Caren Ware's Blog

June 6, 2013

Running all over the place!

How’s this for hill repeats!  Bryce Canyon is 8300 feet.  Touched the valley floor than did 44, 72, and 94 second sprints back up till I reached the top.  This is  travel and training at 100 percent.b4 b5 b7 b9 IMAG0002_COVER IMAG0664 IMAG0665 IMAG0673 IMAG0684

February 7, 2013

Why run? Why try doing the unthinkable. The unstoppable. The improbable? Why not.

It’s not because I have something to prove.  It’s because we have something God given in us to live for. Inspire to. Grasp after. Just try.

I am reading “The Coolest Race on Earth” by John Hanc and getting a first hand account of what I am getting into in Antarctica.  His jacket cover reads, “Muddy, cold, hilly, the race is by all accounts horrible up and down a melted glacier twice, past curious penguins and hostile skuas, and finally to a bleak finish line.  Even the best runners take longer to run the Antarctica Marathon than any other.  Yet the allure of the marathon running combined with the fascinating reputation of the Last Continent has persuaded…” yes, me , “to brave a trip across the world’s most turbulent body of water, the Drake Passage, to a land of extinct volcanoes and craggy mountain peaks, lost explorers and isolated scientists, penguin rookeries and whale sightings, all for a chance to run a crazy 26.2 miles…” in what is known as the world’s most difficult marathon.  I am more afraid of the days at sea than what weather or conditions or arduous hills the continent will throw at us…us being 99 people who put in for a permit over three years ago and will all come to meet each other as we board the Russian crew ship at Ushuaia…fin del mundo.  The end of the world.

We run BECAUSE

February 6, 2013

What color is run?

IMAG0200IMAG0202IMAG0209A week has gone by and I am back to another LONG run.  21 miles today.  I  literally RAN into a moose this week on one of my 8 mile runs along a frozen creek on a snowed over bike path.   I came around a corner and startled this, huger than a horse ,female.  She never expected a crazed runner to be out in her winter territory. She stomped her hooves and puffed her sides.  No question she was disturbed. These are not good signs.  I did a dance around a bush with this frothing, oversized, very funky, but very mad  beast.  I had to plunge over a wood fence and into someone’s backyard.  Only in Jackson!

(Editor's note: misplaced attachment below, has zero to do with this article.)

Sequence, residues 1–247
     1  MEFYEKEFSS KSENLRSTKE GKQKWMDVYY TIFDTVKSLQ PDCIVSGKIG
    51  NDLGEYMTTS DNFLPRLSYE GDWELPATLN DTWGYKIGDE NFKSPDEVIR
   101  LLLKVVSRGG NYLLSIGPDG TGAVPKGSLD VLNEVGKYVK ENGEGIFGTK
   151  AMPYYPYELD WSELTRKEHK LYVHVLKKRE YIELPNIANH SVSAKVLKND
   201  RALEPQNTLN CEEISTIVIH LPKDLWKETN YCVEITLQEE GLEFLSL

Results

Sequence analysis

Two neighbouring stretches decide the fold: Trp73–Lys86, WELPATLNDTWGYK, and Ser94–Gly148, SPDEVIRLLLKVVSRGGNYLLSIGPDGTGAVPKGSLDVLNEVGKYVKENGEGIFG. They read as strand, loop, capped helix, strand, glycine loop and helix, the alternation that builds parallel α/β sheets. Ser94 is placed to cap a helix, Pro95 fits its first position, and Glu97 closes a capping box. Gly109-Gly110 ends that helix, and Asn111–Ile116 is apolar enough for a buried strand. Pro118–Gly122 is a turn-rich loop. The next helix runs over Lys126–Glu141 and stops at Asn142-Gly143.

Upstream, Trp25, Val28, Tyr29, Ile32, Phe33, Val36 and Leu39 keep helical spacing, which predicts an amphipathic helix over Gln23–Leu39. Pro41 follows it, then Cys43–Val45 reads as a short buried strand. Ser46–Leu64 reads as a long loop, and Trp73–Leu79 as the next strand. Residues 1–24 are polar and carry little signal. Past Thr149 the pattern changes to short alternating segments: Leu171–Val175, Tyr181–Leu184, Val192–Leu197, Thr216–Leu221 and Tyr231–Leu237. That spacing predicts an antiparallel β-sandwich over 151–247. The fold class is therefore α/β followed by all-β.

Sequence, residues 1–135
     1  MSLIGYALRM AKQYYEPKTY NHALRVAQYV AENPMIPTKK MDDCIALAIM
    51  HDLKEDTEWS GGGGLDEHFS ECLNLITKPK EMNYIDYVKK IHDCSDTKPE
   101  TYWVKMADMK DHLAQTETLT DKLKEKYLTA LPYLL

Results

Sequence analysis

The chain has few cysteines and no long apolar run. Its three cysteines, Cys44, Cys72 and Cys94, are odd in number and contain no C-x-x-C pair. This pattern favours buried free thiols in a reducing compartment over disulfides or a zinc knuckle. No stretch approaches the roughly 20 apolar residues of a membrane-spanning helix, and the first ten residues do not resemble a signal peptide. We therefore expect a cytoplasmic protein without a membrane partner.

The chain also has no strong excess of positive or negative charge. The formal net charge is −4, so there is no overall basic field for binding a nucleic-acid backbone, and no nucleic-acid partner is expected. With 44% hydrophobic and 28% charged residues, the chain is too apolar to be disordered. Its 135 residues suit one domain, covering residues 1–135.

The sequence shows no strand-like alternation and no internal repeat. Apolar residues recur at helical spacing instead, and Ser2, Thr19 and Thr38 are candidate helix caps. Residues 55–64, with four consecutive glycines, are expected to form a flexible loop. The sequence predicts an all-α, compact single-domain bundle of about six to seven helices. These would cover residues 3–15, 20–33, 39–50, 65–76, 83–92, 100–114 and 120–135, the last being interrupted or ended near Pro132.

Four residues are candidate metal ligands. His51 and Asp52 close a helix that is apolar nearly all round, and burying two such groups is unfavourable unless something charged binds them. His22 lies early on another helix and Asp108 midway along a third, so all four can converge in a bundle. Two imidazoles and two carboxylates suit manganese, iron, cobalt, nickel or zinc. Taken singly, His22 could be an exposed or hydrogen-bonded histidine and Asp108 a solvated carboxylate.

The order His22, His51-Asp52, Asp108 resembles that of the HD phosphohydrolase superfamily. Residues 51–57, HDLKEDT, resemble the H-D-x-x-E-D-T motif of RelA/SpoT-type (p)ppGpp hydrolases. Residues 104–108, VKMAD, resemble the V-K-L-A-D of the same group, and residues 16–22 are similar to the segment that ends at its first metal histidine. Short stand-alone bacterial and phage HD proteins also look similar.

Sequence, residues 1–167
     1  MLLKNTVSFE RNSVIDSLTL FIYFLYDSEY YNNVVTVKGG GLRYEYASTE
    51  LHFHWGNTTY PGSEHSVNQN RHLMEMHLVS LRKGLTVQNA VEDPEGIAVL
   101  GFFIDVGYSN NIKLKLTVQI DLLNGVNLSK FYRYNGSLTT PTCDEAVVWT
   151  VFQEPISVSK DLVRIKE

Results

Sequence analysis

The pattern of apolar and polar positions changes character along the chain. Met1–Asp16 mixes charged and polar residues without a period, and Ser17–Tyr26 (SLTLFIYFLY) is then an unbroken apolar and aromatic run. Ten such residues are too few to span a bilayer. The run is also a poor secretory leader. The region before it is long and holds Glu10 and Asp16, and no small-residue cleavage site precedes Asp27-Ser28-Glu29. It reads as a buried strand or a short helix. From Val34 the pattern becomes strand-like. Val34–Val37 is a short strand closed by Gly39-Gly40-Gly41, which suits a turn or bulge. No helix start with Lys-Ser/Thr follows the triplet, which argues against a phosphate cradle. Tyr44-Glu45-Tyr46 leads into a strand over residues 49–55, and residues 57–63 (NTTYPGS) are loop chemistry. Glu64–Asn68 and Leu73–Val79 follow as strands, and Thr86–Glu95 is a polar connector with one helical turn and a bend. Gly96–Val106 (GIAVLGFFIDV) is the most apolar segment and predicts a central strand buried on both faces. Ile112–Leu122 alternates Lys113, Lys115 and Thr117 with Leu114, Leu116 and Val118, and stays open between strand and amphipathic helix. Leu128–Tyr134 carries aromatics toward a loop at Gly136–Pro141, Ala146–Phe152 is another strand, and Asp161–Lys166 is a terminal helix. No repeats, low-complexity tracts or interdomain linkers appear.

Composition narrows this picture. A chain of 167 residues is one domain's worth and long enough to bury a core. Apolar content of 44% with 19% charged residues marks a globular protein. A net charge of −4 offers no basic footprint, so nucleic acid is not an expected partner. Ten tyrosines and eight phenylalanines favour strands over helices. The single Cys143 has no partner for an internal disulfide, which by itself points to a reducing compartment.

But yeah Jackson.  I run by deer and elk today…and cows and horses.  All with their extra winter coats…and me with mine.

And, yeah Jackson, it is the workout capital.  There are private gyms, yoga, and Pilates on every other street corner.  I am thankful for the solid options.  What I am not telling you about is that divorce is a tsunami.  It is a huge wave that careens through lives and obliterates, leaving a wake of emotional, financial, and relational debris.  Not only have I been training and restrengthening.  I am thankful to take the time to pick through some of the aftermath.  It has not been easy.  This runs with me and keeps me company more than I would like.

The temperatures have risen to reasonable.  Days have been between 20 to 40 degrees.  We are having what I called ‘sparkle’ days.  At least the hands and face can bear being bare in these temperatures… for a short amount of time. And the snow is pristine white.  And the skies are deep, deep blue.  And the afternoons  are pink, pink, purple.  And the hues harden into bold, solid, hard sunsets.  I run all through the valleys and tackle a 2 mile hill that ascends nearly 2000 feet.  They say we will be having to run up two glaciers in Antarctica.  There is the classiest of restuarants called the Grannary at Spring Creek Ranch that I KNOW has the best perched view in our nation.   That was my 11 mile turn around point.  It was one of the prettiest runs and rewards with a sunset.  By the way, I learned The Grannary has live Jazz, incredible musicians on Friday nights.  And it was the most rewarding place to watch the SUPERBOWL.  A fireplace, a vaulted glass view of the TETON Mountains and the game playing in the corner TVIMAG0196.  First time in 20 years I was not timing a race on this ‘national’ holiday. IMAG0206IMAG0179IMAG0197IMAG0185

January 21, 2013

Caren Ware will attempt to run 26.2 miles in Antartica. March 7, 2013

IMAG2476Living a year in Jackson definitely is adding a  winter experience.  I am getting ready to run my THIRD REMOTE CONTINENT marathon… in Antarctica. Not hard to simualte  when this winter has dipped as low as -28. Negative temperatures can turn into negative situations real fast.  They warrant caution and  preparation.  They are teaching me to include an avalanche shovel,  emergency sleeping bag,  and extra gloves, wool, and down jackets stashed in the truck and put into emergency packs whenever going ‘backcountry’.  And they are showing me that freeze framed beauty is so contrast to the summer beauty of wild flowers, meadow grasses, and waterfalls. Up here, in winter the animals are furry.  Thousands of elk have made their winter migration.  They know digging through the snow will lead to grass .   The big horn sheep are herded up on their winter bluffs. And moose and buffalo are instantly spotted, dark on a white scape , unable to hide from their hoof printed trails left in the soft snow.  The lakes are frozen and steam rises from the few rivers still flowing. The Teton Range stands like a stunning bride dressed in its white gown.  I wanted to see what a winter looked like.  More than that, I needed to FEEL what a winter was like.